Stuff is changing really, really fast in the world of work. Maybe not fast enough for all of those who have been unemployed most of 2020. I am sorry about that, and the most positive thing I can think to do is to propagate ideas that can help people be employed as safely and as quickly as possible.
This is why I think there are a ton of opportunities in spaces like helping businesses to go paperless and in making tech that can help people be in proximity without breathing germs on each other. Read on, and as I think of them I will continue to blurt out ideas about side hustle ideas that might not have worked in 2019.
I work in the aerospace industry, where almost everyone can work from home. Further, most people on staff are irreplaceable. You can’t just go out and recruit a bunch of subject matter experts in astrophysics from the parking lot of Home Depot. One of our colleagues was out with COVID-19 for months, and I honestly have no idea what her team did without her. We regard the coronavirus pandemic as the threat to national security that it is, and we plan accordingly.
This isn’t just about COVID. It’s about any situation that keeps people from getting in to the office. As a practical matter, it makes more sense for a workforce to be distributed if possible. We are at a stage where the technology is in place, so we shrug and move on, and we run shuttle launches from people’s home offices, and nobody really notices. Because it works.
One area where we don’t have it totally nailed down is security. There are meetings that have to be held in specially constructed rooms and with special secured telephones. This is true for us, and it’s true for the military, and for government, and I don’t even know who else. I just know that there are needs above my pay grade.
This is where I think there’s a place for some kind of custom home-office security phone booth.
(For levels above that, there are going to need to be far more SCIFs. That makes more sense than trying to expand the existing ones to accommodate social distancing).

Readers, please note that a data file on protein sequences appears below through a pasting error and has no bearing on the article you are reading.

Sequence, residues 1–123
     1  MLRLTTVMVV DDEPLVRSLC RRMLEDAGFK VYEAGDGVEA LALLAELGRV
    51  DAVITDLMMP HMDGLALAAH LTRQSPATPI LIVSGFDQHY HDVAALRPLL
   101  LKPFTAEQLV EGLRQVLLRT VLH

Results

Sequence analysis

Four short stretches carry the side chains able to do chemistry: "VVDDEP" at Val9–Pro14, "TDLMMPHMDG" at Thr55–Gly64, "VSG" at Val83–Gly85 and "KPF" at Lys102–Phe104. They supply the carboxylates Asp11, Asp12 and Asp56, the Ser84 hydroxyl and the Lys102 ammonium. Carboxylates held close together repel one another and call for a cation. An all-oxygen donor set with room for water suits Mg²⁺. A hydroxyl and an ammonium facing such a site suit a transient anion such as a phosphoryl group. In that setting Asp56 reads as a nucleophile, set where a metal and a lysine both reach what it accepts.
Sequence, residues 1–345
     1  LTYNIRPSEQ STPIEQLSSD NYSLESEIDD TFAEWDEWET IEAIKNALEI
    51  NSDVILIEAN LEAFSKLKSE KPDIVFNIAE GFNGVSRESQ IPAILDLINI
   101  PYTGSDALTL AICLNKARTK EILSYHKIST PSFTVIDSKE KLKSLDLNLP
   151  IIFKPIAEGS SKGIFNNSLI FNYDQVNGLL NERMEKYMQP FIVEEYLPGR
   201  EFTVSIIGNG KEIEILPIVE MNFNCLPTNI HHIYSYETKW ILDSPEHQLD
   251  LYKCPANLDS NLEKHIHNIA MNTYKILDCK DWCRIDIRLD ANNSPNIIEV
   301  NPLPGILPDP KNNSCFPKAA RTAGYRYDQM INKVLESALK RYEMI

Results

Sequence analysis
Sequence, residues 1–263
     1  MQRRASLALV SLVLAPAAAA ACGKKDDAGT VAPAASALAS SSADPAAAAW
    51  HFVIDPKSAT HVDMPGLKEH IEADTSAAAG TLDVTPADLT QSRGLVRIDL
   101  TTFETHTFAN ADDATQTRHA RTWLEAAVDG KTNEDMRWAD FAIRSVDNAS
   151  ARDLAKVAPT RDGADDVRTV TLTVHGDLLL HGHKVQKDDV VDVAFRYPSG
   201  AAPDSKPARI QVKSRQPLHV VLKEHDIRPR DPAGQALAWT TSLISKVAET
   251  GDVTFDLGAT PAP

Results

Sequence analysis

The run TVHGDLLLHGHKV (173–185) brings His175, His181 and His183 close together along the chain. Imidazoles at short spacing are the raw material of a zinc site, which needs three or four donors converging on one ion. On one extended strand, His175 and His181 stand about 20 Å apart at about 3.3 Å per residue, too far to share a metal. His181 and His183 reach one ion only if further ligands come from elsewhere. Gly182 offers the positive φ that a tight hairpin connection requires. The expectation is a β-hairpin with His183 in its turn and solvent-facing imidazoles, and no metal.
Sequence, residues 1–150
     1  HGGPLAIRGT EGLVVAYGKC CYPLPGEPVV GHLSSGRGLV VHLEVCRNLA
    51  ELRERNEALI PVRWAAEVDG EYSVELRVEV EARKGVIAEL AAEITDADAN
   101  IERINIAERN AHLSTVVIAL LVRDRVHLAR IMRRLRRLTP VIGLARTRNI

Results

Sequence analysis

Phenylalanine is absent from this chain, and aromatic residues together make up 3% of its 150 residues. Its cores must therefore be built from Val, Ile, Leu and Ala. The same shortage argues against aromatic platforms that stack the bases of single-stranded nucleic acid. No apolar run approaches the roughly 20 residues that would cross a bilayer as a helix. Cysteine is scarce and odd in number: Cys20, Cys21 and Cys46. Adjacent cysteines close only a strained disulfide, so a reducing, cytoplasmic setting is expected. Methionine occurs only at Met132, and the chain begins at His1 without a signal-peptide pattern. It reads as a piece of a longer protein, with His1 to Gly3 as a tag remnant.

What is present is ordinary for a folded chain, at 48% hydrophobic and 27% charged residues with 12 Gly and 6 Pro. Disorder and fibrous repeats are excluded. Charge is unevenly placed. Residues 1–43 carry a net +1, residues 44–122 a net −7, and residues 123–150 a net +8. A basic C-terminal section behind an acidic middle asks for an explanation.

It’s obvious that homes are going to start having more dividers in them, one way or another. I know a couple of guys who work out of their garage, because there are just too many people trying to be on web conferences in the rest of the house. If everyone who can work from home is going to work from home, there has to be more than just a bunch of noise-canceling headphones.
I’m sure most of you have already noticed what a very loud world we inhabit, in terms of garbage trucks and road maintenance and construction sites and landscaping and fire trucks and helicopters. Absolutely none of that is going to change. But the soundproofing can.
Apparently it’s already possible to blow in soundproofing materials into the walls, and that’s one of many great ideas for businesses that wouldn’t have had much runway before 2020.
I wonder if there might be room for little modular offices, like the storage PODS that you sometimes see sitting in someone’s driveway. Someone comes and delivers a little 6x8 office pod with a built-in wifi router and an extension cord that plugs into the house. Maybe it has a letterbox slot big enough for a pizza. Maybe it also has a little chemical toilet like in an RV.
There are still reasons why it makes sense for people to come in to an office, even if 100% of the work that they do can be done over a combination of computer and phone. Security is one of them, at least for the time being. Some people just really, really want to get out and have a “second location” to visit, so they aren’t climbing the walls at home and so that they have a mental disconnect at the end of the day. In those cases, I think the trend is going to be for retrofitting existing commercial real estate. It’s already started. Just add more interior walls, do some smart scheduling and planning, and upgrade the air filtration systems.
Other jobs have traditionally been seen as only possible in person, even though it would be possible to do them remotely. Visiting a doctor’s office is one of those things. I had email and phone conversations with my doctor when I had COVID, and then when I thought I got it a second time but it turned out to be pneumonia. Quite obviously, this was preferable for both of us than for me to get in a rideshare vehicle and come to the clinic to see him and shake his hand.
Will there ever be doctor visits where a telepresence robot performs a procedure in the patient’s house while the doctor observes from across town? Probably, yes! Although doubtfully within the next twenty years.
Other fields that we think of as obviously needing to be done in person, to a futurist, are not that obvious. The first one that comes to mind is construction. Why not operate earth-moving equipment remotely, if it’s safer for human bodies? Human safety needs to be our first priority (though I would argue it never has been so far) and once our safety is prioritized correctly, then it needs to stay that way. Better to wreck a million-dollar machine than a man.
There are already drones walking dogs, and robots delivering food, and artificial intelligence detecting anomalies on MRIs. The future is coming at us and it’s coming at us fast. I’m able to view this with excitement and anticipation, imagining a future world that is safer and cleaner. I see it as a human-centered model where we buy back the time we used to spend commuting, and instead use it to get more sleep, make art, be with our families, or whatever else we want. Let our work serve us, and let our work build a better world.
I've been working with chronic disorganization, squalor, and hoarding for over 20 years. I'm also a marathon runner who was diagnosed with fibromyalgia and thyroid disease 17 years ago.
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